World War III: How Russia and Its Allies Planned to Crush NATO
The Warsaw Pact plan makes clear two things. First, in a surprise attack, the most important forces are the ground forces. The quicker they can advance, the sooner they can overrun NATO—and that includes air bases and naval facilities. The faster they can force West Germany to surrender, the sooner the rest of NATO runs out of reasons to continue fighting—and the specter of all-out nuclear war recedes.
Last month in the National Interest we discussed NATO’s plan for World War III in Europe. The scenario, set in the late 1980s, assumed that the forces of the Soviet Union and the rest of the Warsaw Pact—namely East Germany, Poland, Czechoslovakia and Hungary—steamrollered West Germany to defeat NATO. The plan assumed the western alliance would defend as far forward as possible while avoiding the use of tactical nuclear weapons.
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But what about the Warsaw Pact? After the Cold War ended, the Polish government made public classified Soviet documents that revealed the likely war plan. The plan, known as “Seven Days to the Rhine,” was the basis of 1979 military exercise that assumed NATO as the aggressor, having nuked a series of twenty-five targets in Poland, including Warsaw and the port of Gdansk. The cover story of countering aggression was a mere fig leaf for the true nature of the anticipated conflict: a bolt-from-the-blue Soviet attack against NATO.
(This first appeared in 2016.)
By the 1980s NATO had shifted to a “Flexible Response” nuclear doctrine: the alliance was prepared to use nuclear weapons, but would seek to win the war conventionally. This is in stark contrast to the Warsaw Pact, which saw their use as inevitable and planned to use them from the outset. Such early would confer the pact an enormous strategic advantage over NATO.
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In “Seven Days to the Rhine,” Soviet nuclear forces would destroy Hamburg, Dusseldorf, Cologne, Frankfurt, Stuttgart, Munich and the West German capital of Bonn. NATO headquarters in Brussels would be annihilated, as would the Belgian port of Antwerp. The Dutch capital and port of Amsterdam would also be destroyed. Denmark would suffer two nuclear strikes.
The result would be a headless NATO and the destruction or demoralization of civilian governments in West Germany, Belgium, the Netherlands and Denmark—precisely the countries likely to be occupied at the end of the seven days. The elimination of the port cities of Hamburg, Antwerp and Amsterdam would severely curtail NATO’s ability to flow reinforcements from the United Kingdom and North America.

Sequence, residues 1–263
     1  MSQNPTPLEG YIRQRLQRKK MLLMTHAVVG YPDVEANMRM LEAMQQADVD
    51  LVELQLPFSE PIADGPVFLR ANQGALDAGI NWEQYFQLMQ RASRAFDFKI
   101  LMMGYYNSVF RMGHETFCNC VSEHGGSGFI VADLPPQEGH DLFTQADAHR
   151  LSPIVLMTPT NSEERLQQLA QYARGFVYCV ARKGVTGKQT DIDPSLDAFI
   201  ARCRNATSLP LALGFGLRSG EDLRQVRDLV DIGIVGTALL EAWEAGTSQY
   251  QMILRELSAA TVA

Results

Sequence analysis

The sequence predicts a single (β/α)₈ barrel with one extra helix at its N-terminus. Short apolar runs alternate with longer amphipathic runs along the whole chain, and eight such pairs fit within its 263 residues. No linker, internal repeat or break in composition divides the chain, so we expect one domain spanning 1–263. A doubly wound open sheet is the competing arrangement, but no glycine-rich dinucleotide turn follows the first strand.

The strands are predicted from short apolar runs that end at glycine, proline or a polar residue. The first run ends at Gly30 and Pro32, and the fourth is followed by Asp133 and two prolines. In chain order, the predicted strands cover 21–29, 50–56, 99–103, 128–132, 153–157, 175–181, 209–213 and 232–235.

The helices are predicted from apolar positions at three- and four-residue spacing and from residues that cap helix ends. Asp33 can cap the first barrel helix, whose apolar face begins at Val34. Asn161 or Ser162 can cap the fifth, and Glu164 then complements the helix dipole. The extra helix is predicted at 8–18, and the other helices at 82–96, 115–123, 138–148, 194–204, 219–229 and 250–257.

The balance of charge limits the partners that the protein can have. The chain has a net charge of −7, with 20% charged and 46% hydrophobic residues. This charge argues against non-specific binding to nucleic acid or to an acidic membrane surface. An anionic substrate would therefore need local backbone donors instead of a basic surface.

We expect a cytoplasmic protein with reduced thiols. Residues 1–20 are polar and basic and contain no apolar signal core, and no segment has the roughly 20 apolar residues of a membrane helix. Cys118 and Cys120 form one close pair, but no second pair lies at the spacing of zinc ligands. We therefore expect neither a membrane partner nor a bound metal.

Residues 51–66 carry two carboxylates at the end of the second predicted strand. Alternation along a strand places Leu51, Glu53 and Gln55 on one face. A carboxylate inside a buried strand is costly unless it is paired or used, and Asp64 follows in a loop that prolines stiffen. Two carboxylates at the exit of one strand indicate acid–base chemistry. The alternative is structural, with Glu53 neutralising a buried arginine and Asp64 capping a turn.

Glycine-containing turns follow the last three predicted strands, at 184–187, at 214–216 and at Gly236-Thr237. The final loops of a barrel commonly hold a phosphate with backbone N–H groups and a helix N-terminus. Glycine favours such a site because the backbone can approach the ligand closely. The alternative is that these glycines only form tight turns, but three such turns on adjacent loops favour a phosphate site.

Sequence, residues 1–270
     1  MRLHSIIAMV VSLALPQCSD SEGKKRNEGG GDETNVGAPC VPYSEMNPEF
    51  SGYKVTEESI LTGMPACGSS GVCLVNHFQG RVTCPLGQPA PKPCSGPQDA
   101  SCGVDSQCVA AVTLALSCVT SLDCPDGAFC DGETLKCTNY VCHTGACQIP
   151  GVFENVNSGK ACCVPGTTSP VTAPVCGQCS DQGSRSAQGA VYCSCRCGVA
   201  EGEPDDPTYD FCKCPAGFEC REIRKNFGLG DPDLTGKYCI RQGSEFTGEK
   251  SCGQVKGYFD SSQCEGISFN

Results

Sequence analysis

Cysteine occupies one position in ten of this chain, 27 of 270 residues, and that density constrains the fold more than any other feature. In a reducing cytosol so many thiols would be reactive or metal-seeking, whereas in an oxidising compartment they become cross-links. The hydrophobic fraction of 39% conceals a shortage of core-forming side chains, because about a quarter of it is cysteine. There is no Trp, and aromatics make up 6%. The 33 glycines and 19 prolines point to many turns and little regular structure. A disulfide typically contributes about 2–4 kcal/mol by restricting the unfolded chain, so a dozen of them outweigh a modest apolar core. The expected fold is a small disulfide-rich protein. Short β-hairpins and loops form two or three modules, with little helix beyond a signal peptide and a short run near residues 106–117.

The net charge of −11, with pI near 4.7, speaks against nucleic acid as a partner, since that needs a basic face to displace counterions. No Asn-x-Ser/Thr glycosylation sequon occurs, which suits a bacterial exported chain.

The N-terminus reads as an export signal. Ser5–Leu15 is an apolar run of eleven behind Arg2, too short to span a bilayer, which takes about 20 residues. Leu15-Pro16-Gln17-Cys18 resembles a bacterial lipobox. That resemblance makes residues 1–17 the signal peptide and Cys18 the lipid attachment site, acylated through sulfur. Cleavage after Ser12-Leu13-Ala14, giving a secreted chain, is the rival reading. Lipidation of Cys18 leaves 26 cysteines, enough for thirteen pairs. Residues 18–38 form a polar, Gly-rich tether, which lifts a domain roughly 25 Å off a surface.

Curiously, France and the United Kingdom were to be spared nuclear strikes. This is probably because both had independent nuclear arsenals not tied to the United States. The United States might have hesitated to retaliate for fear of escalating to strategic nuclear warfare, but for France and the UK the European atomic battlefield was much closer and the dividing line between tactical and strategic not so clear-cut. The Soviet leadership probably had no intention of continuing war with either one on the eighth day.
After the Warsaw Pact had launched nuclear strikes, conventional forces would be sent in to conquer. Seven Days to the Rhine assumed a radioactive zone that used to be called Poland, dividing the Soviet Union from its forces in East Germany, Czechoslovakia and Hungary. Those forces, along with their East German, Czechoslovak and Hungarian counterparts, would need to suffice to carry out the attack. While Polish forces were theoretically available, by 1979 the Soviets would have reason to suspect their political reliability.
As a result, total forces committed would be roughly the same number of forces the pact would have in a no-notice attack on NATO. Planning with the assumption of a radioactive curtain severing forward pact forces from the Soviet Union itself is also a reasonable model for assuming a quick war without a prewar buildup of ammunition and fuel from the Soviet Union.
Leading the spearhead aimed at the heart of NATO would be the Group of Soviet Forces in Germany. The GSFG was comprised of five armies, each with three or four tank and motor-rifle (mechanized infantry) divisions.
In the North, the Soviet and East German attack force would consist of the Soviet Second Guards Tank Army, Twentieth Guards Army and Third Shock Army, consisting of seven tank divisions and five motor rifle divisions. East Germany’s National People’s Army, considered the best of the non-Soviet pact forces, would contribute two tank and four mechanized-infantry divisions.